|Website:||website containing additional information|
|Period:||period 1 (week 36 through 45, i.e., 4-9-2017 through 10-11-2017; retake week 1)
|Participants:||up till now 42 subscriptions|
|Schedule:||Official schedule representation can be found in Osiris|
The purpose of is to teach topics that:
It therefore contains a broad range of topics.
- are important for the working area of algorithms (in practice and theory)
- are prerequisites for other courses in the COSC program
- that are not encountered by all students in the bachelor.
In many real-life decision problems in e.g. (public) transportation, logistics, energy networks, healthcare, computer networks and education we want to select a very good solution from a large set of possible solutions. In the course you learn how to model such problems and how to solve them by well-known (simulation) algorithms. We focus on discrete models. You learn about the theoretical complexity and about the possibilities for exact optimization algorithms, heuristics and what-if analysis.
For stochastic problems, we study discrete-event simulation . As assignment you have to perform a simulation study of the Uithoflijn, the new tram line that will connect Utrecht CS and the Uithof. For deterministic problems, we study well-known algorithms from combinatorial optimization .
The learning outcomes of the course are
- Knowledge of discrete-event simulation models and combinatorial optimization models
- Knowledge of methods for experimental research with discrete-event simulation including statistical methods
- Insight in the complexity of combinatorial optimization problems
- Knowledge of well-known types of combinatorial optimization algorithms
- Ability to model problems from applications as a discrete-event simulation problem and as a combinatorial optimization problem
- Ability to perform a scientific sound simulation study including statistical analysis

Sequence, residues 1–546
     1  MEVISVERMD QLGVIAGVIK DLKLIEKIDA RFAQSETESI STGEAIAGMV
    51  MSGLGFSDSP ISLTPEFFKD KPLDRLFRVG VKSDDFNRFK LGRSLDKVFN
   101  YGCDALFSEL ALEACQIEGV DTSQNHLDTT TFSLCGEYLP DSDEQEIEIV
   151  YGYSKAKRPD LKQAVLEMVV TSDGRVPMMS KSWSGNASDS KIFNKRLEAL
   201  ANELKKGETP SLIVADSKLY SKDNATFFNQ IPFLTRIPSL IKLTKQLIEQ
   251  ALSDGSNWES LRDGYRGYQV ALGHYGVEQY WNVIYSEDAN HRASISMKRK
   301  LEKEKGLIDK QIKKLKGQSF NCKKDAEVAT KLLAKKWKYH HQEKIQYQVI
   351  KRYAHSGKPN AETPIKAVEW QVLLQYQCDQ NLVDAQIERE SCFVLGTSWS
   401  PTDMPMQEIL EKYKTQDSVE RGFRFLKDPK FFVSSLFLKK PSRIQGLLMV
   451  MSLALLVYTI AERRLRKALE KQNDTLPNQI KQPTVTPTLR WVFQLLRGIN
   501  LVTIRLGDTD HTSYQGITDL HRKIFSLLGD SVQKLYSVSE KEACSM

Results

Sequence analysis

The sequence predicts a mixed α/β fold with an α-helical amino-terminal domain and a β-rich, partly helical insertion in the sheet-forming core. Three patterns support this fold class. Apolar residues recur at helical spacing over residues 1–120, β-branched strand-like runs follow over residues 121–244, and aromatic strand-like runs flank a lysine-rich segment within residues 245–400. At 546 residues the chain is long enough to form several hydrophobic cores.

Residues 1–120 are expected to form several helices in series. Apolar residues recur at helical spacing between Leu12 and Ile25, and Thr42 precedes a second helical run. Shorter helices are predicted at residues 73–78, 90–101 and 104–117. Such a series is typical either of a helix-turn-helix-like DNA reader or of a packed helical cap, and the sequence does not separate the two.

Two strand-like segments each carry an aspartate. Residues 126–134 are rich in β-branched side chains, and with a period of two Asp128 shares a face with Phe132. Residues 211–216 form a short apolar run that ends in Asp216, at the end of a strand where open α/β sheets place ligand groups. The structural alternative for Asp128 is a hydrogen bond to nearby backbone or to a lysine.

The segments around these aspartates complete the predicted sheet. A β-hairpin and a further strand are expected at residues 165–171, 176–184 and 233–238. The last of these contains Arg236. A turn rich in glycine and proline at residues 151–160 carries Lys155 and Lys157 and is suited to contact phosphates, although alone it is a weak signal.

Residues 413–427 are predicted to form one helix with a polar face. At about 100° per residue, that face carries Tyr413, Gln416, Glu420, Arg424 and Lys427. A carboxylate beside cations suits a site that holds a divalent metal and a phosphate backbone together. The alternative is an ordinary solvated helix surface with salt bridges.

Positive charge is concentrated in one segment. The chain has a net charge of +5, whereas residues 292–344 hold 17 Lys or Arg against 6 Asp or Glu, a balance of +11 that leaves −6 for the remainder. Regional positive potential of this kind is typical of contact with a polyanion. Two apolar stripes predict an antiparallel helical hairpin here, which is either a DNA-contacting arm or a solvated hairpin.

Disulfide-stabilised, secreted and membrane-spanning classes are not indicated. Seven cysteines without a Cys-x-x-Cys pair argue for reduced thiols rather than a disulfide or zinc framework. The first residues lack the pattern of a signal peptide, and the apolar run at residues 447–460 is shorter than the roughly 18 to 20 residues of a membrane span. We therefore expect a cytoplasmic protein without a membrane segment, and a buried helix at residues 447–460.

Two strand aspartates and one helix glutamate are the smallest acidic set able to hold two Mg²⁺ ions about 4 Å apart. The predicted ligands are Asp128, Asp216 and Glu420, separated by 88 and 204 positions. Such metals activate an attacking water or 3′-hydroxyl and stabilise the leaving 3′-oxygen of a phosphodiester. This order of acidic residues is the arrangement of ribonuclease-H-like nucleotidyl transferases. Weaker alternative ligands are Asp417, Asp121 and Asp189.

- Ability to apply the algorithms from the course to combinatorial optimization problems
|Literature:||Slides completed by your own lecture notes . |
The following books are not mandatory but interesting for further reading:
- The lectures on simulation are based on Simulation modeling and analysis, A.M. Law, McGraw-Hill Higher Education, 2015, ISBN 978-1-259-25438-3 (fifth edition)
(you can also use an older edition).
- Integer Programming, Laurence A. Wolsey, Wiley-Interscience publication, 1998, ISBN 0-471-28366-5.
- Computers and Intractability: A Guide to the Theory of NP-Completeness. M.R. Garey and D.S. Johnson, W.H. Freeman and Company, New York, 1979, ISBN 0-7167-1044-7.
- Algorithm Design. John Kleinberg, Eva Tardos, Pearson/Addision Wesley, 2005. ISBN 0-321-29535-8.
|Course form:||Lectures, self-study, exercises, assignments.|
|Exam form:||In the grading the simulation assignment contributes 50% and the written exam contributes 50%. To get a grade of at least 6 the following is required:
NB: If there are unforeseen extreme circumstances because of which you cannot attend a mandatory meeting, you have to notify the teacher beforehand by e-mail.
- Simulation assignment: completeness of the report, this means that it has to contain all the parts given in the workplan
- Final written exam: minimal required grade 5.0
- Participation in mandatory sessions and meetings (indicated in the week schedule)
|Minimum effort to qualify for 2nd chance exam:||You can participate in additional examination for at most one part out of
simulation assignment and written exam. For additional examination of the simulation assignment permission of the teacher is required.|